Living for family
Hayfa says she feels relieved and safe living in Australia and her new life revolves around her two energetic young boys.
“I am living for my children. I am very comfortable here. Any person who comes here would be very comfortable and happy. I have stayed three years with ISIS. Three years of suffering. I am alright here, but I am still not complete. I am alone here. I don’t have a mother or father (as they are dead) but I don’t have my siblings.”
Hayfa is working with migration lawyers to have her siblings migrate to Australia.
Her other focus is working to trace what happened to her husband Ghazi.
Hayfa has opened a case with Red Cross to help her find out what happened to her husband since they were separated all those years ago.
She says she is grateful for the support she receives from Sue Callendar, Red Cross field officer in our Restoring Family Links program.
The pair have a strong rapport. When they meet up in a Toowoomba park, Hayfa hugs Sue and shares news of her boys.
Sue has supplies for the family, and passes on information about progress on tracing Hayfa's missing husband
Hayfa works with Red Cross tracing worker Sue Callendar to find her husband
Search for answers
Australian Red Cross is currently working on 60 cases relating to over 300 missing Yazidi people.
Searches are usually initated by loved ones who move to Australia.
Australian Red Cross works with Red Cross and Red Crescent in Syria and Iraq to search for the missing and determine the fate of a large number of people from the Yazidi community, Red Cross Manager Protection, Migration Support Programs, Nic Batch explains.
“The impact on the families of the missing is enormous and can affect all aspects of their lives, with the pain and uncertainty of not knowing the fate or whereabouts of their loved one.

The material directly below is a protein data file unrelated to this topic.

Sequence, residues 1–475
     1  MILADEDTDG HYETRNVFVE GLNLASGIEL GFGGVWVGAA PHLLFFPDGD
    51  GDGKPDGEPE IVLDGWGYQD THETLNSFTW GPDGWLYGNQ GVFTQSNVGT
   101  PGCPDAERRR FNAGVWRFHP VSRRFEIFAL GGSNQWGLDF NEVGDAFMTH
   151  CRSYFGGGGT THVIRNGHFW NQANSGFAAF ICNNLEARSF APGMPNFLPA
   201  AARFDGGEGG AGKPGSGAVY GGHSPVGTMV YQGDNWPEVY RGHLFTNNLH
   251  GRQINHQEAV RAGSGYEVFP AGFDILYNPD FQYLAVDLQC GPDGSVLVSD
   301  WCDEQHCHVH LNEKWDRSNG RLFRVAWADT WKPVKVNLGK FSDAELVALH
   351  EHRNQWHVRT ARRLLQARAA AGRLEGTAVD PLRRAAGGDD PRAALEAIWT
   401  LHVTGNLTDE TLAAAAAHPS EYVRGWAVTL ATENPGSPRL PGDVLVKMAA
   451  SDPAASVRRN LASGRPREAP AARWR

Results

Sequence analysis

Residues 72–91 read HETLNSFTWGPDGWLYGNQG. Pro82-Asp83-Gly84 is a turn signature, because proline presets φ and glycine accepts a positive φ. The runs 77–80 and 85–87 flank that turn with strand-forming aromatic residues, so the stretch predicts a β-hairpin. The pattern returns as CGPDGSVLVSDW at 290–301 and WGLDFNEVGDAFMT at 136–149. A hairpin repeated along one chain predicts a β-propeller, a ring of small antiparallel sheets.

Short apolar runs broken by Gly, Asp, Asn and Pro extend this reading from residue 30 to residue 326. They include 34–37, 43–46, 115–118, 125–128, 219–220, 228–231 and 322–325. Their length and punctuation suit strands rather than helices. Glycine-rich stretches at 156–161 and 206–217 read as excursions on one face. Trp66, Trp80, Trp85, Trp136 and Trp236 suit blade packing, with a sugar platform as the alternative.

“It’s a big and important job. The vast majority of missing Yazidi cases we are working on relate to the attack on the Sinjar region of northern Iraq in August 2014. Many of missing family members are likely to be deceased."
In 2018-19, Australian Red Cross offered tracing services in 1084 cases, relating to over 2348 missing people. Globally, by the end of 2018, Red Cross was following at least 139,000 cases of missing persons in the world. Sadly the number of missing people has doubled in 2018 compared to just three years earlier.
“This year we’re marking the 70th anniversary of the Geneva Conventions which are the modern foundations of the laws of war," says Nic Batch.
"The right of families to know the fate of their loved ones and prohibitions against torture and sexual violence are all enshrined in these laws. While there’s been significant progress over the past 70 years, it’s clear we need to redouble our efforts to promote respect for the laws of war around the world to prevent stories like Hayfa’s happening to women who are living in conflict zones across the globe.
"We can and must do better.”
Story and photos: Susan Cullinan